After rebranding for a short time under the name Icuiti in 2005 and releasing the V920 Video Eyeware, in 2007, Travers and company became what we know today as Vuzix. While continuing their line of personal video displays, they also began moving into a new space. Using a pass-through camera and an occluded eyewear set, they created their first augmented reality wearable in 2010 under the name STAR-1200.
Fast forward to 2017, where Moore's law has made many of the technological elements of creating eyewear even smaller, more affordable, and easier to access. Vuzix now has a collection of options for both consumers as well as the adventurous enterprise.
As are many in the augmented reality space, Vuzix seems to be primarily focused on the enterprise experience. With products like the M300 hands-free monocular smartglasses, Vuzix aims to help companies improve their workflow and better the performance of their employees overall.
When I asked Travers what level of productivity increases the Vuzix research teams are encountering — citing the 34% increase that has been reported in some cases — Travers brought up an interesting point that seems potentially even more important to an enterprise.
In some cases, they [technicians] can do things they couldn't do before. You ship out a tractor and there is something wrong with it when it gets on site. The only way to fix it is to send the expert that knows the damn tractor out to fix it. They are looking at bundling glasses with every single one now so the technician that works on the tractor normally can get help in the field without sending the expert. There are not that many experts. It just makes everything happen so much easier.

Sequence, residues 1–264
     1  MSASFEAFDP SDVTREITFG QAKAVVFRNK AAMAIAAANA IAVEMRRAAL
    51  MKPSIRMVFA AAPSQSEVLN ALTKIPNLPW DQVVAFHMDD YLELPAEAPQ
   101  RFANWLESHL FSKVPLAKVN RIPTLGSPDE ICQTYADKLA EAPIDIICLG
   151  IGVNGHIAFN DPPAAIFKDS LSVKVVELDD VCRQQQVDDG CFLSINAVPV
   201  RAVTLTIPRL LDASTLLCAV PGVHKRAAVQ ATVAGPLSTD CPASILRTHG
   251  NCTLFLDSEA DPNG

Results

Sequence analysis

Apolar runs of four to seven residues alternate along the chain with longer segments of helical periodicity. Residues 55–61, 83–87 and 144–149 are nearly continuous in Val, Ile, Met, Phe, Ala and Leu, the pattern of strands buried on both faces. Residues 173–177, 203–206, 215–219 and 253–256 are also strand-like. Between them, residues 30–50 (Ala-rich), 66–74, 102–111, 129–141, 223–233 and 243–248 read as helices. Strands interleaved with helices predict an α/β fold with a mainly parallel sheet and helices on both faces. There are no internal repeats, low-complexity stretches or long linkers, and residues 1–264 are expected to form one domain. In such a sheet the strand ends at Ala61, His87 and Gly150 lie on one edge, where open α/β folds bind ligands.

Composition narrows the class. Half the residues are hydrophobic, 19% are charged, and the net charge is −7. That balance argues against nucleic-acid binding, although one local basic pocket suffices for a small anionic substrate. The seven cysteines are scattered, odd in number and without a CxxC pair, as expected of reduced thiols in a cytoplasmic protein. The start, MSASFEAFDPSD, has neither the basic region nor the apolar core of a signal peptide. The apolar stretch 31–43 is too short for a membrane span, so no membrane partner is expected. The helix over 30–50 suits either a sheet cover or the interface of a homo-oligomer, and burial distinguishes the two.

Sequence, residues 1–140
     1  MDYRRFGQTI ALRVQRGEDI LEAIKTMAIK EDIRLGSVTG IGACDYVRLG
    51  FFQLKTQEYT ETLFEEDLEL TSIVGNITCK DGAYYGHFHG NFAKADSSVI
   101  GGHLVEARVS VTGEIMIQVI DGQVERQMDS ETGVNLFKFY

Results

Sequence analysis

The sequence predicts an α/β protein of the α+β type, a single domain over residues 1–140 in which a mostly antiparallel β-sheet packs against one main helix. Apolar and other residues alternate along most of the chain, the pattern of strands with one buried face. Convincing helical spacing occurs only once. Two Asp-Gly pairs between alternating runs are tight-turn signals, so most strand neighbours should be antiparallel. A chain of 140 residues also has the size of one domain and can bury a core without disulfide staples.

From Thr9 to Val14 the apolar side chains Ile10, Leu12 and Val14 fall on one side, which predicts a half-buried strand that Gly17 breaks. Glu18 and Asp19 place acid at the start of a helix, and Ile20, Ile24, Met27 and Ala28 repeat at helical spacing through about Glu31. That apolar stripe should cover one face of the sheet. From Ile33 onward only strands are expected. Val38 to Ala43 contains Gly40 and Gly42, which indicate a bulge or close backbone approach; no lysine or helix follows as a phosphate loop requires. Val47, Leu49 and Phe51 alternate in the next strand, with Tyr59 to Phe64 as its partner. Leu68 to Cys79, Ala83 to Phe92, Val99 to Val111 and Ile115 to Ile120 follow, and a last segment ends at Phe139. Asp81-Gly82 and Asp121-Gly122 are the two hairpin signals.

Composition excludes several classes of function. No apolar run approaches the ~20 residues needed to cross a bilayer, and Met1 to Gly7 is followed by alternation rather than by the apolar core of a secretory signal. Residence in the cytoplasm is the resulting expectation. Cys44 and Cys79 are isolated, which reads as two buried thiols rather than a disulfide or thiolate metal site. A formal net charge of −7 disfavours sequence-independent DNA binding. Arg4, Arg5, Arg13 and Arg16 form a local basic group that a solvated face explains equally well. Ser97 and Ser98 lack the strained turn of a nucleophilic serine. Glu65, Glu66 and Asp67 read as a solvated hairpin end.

That is not to say that Travers and the rest of his team have forgotten about the entertainment and general needs of the average consumer. While smartglasses definitely have more utility than the VR headsets that Travers created oh so many years ago, models coming in the future like the Blade 3000 or AR 3000 smartglasses show that Vuzix aims to take on every segment they can.
As consumers become even more aware of the technology and the potential it holds, and as the exponential growth continues and the chessboard is filled in further, I do not doubt that Paul Travers and the Vuzix team will be right there pushing the technology to new places — and unlike the king in the story, doing their part to make sure the growth gets to that very last square.
Next Reality's 50 People to Watch in Augmented and Mixed Reality is a collection of the people that are doing their part to make a difference in the augmented and mixed reality space. We here at Next Reality want to celebrate and bring awareness to these select people and the efforts they put forth.